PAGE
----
TOPEKA, Kan. (WIBW) - Kansas Attorney General Derek Schmidt has joined eight other states in objecting to lawsuits seeking to stop criminal background checks as part of hiring new employees.
The attorneys general sent a letter expressing concern about two lawsuits in which the U.S. Equal Employment Opportunity Commission alleges the criminal background checks of potential employees constitute unlawful employment discrimination under federal law.
The letter states the lawsuits are "misguided and a quintessential example of gross federal overreach."
Complete news release from KS Attorney General Derek Schmidt:
Kansas Attorney General Derek Schmidt has joined with eight other state attorneys general in objecting to recent lawsuits filed by the U.S. Equal Employment Opportunity Commission (EEOC) against companies that use criminal background checks as part of the hiring of new employees.
The attorneys general sent a letter expressing concern about two lawsuits in which EEOC alleges that employers’ use of criminal background checks of potential employees constitutes unlawful employment discrimination under federal law.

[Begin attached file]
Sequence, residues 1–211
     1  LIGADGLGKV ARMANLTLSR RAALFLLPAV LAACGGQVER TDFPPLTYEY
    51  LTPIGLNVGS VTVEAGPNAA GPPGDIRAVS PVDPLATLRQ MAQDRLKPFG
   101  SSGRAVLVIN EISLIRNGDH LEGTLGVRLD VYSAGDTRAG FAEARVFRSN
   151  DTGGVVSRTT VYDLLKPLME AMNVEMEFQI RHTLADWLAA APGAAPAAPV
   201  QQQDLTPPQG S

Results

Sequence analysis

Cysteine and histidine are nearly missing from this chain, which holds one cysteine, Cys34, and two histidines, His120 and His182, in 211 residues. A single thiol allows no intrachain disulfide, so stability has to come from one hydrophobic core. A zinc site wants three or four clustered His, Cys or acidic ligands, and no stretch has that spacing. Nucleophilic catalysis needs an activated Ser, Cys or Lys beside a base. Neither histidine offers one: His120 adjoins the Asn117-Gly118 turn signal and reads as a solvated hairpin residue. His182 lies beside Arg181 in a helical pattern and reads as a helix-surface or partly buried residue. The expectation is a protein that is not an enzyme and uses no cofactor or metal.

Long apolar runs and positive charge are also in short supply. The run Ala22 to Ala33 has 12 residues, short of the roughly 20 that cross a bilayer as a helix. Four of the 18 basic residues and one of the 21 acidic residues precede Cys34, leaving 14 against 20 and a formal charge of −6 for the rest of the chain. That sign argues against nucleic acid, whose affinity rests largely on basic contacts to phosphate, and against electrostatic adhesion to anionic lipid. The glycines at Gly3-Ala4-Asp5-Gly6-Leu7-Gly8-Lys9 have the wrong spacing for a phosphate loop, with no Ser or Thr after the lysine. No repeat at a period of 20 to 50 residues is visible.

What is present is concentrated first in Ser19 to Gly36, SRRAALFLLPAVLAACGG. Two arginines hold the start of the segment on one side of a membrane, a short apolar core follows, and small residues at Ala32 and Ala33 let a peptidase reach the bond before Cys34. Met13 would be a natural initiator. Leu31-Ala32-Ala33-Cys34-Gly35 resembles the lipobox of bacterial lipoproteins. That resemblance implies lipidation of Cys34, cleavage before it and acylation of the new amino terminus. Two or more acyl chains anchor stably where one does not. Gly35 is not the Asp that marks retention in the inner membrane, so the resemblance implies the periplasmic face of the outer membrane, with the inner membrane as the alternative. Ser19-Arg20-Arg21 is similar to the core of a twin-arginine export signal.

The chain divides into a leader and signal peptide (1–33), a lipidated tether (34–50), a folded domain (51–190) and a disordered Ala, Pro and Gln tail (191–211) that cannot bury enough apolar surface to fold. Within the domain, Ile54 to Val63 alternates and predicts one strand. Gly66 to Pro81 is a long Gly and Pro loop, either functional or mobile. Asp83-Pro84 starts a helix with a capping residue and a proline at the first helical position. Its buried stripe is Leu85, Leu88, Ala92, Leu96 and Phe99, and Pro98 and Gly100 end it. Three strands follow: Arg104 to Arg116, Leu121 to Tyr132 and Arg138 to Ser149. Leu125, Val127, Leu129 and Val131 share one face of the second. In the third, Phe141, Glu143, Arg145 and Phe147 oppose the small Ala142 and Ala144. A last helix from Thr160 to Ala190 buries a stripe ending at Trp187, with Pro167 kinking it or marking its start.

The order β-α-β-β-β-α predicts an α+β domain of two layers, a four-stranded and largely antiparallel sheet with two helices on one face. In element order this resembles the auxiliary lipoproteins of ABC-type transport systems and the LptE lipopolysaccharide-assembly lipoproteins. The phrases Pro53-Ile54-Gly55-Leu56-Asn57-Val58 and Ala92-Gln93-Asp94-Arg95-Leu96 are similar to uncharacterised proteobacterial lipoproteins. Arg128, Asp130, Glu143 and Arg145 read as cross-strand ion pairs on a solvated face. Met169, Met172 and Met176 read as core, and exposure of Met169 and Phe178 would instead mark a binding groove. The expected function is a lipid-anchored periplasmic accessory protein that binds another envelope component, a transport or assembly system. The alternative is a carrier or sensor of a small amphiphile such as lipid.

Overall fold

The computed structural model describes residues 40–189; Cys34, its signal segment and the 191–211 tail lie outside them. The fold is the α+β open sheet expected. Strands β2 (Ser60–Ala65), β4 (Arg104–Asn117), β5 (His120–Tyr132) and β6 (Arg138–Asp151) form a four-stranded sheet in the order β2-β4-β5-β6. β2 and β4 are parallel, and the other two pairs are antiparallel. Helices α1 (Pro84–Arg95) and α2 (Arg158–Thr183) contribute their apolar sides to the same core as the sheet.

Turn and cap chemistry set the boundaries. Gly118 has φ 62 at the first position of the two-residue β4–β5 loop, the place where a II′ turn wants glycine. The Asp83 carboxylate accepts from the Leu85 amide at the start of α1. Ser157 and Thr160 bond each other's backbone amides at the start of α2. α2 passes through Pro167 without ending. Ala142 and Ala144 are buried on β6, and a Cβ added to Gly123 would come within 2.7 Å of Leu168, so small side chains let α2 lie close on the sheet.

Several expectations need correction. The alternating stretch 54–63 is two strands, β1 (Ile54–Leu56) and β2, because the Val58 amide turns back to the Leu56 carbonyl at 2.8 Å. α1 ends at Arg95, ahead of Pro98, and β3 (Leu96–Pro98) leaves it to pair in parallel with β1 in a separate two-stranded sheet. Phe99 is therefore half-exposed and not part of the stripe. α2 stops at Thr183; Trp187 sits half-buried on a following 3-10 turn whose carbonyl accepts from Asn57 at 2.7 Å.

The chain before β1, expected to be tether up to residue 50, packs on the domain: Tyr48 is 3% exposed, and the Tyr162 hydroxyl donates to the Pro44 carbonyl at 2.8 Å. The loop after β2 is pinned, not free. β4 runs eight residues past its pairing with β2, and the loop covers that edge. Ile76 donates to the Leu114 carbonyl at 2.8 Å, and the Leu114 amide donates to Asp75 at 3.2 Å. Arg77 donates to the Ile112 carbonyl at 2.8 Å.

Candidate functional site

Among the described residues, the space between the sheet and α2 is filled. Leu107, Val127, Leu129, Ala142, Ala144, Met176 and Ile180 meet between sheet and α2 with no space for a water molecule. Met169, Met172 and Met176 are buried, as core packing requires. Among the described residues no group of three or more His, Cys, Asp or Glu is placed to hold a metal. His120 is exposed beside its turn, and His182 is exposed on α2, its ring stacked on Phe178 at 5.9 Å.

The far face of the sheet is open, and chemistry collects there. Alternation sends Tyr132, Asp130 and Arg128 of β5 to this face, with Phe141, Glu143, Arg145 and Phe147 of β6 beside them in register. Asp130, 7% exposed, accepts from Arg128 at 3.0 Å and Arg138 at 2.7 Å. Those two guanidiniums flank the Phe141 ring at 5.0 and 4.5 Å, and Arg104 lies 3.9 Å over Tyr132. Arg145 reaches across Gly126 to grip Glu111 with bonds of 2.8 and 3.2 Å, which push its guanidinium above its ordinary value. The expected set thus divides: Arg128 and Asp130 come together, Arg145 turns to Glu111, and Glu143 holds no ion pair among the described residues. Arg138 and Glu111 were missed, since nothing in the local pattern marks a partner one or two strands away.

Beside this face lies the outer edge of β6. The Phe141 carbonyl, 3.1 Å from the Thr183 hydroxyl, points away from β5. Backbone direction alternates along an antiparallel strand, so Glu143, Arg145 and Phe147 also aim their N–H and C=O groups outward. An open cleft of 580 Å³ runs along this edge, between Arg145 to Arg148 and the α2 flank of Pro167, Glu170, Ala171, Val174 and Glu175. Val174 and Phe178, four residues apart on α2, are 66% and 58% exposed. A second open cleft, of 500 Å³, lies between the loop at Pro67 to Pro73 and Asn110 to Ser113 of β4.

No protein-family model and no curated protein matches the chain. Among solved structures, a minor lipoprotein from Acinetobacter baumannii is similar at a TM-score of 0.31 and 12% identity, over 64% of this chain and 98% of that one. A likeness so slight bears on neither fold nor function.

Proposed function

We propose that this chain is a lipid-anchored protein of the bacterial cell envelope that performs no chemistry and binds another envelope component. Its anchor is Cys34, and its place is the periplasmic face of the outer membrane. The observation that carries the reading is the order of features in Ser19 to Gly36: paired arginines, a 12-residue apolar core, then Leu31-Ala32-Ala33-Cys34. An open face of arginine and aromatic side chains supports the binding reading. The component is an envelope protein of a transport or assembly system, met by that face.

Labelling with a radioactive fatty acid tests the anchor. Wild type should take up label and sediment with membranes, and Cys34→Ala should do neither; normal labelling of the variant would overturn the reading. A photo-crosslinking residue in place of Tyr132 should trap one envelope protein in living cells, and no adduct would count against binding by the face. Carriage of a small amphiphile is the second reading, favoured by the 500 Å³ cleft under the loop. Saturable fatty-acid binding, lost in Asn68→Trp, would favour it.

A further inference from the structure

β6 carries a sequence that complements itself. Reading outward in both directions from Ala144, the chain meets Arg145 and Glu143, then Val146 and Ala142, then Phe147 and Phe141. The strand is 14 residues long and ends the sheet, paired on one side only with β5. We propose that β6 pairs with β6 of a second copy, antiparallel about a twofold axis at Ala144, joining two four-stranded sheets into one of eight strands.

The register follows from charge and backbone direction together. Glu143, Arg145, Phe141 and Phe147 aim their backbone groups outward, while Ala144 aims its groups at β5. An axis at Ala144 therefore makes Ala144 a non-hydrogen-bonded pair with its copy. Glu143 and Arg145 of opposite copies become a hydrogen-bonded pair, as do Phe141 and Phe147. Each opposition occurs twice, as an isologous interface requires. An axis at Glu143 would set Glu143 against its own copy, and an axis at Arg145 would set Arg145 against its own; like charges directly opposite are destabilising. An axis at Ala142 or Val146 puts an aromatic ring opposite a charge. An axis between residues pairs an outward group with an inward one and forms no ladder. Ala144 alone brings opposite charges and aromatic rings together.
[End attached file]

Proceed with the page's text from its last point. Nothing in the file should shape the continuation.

“Having a criminal record does not make a person part of a protected class of citizens under federal law, and the EEOC should not act as if it does,” Schmidt said. “This aggressive new approach to applying non-discrimination law goes far beyond what Congress intended. Kansas employers already deal with countless regulations, and the last thing we need is another federal agency micromanaging how employers run their affairs.”
The letter from the attorneys general states that the EEOC lawsuits, filed against Dollar General and BMW Manufacturing Co. LLC, are “misguided and a quintessential example of gross federal overreach.” The attorneys general urge the EEOC to reconsider the lawsuits and the published agency guidance driving the lawsuits, which assert that the use of generally applicable criminal background checks as a screening tool in the hiring process will often violate Title VII of the Civil Rights Act of 1964.
The attorneys general signing the letter represent Alabama, Colorado, Georgia, Kansas, Montana, Nebraska, South Carolina, Utah and West Virginia.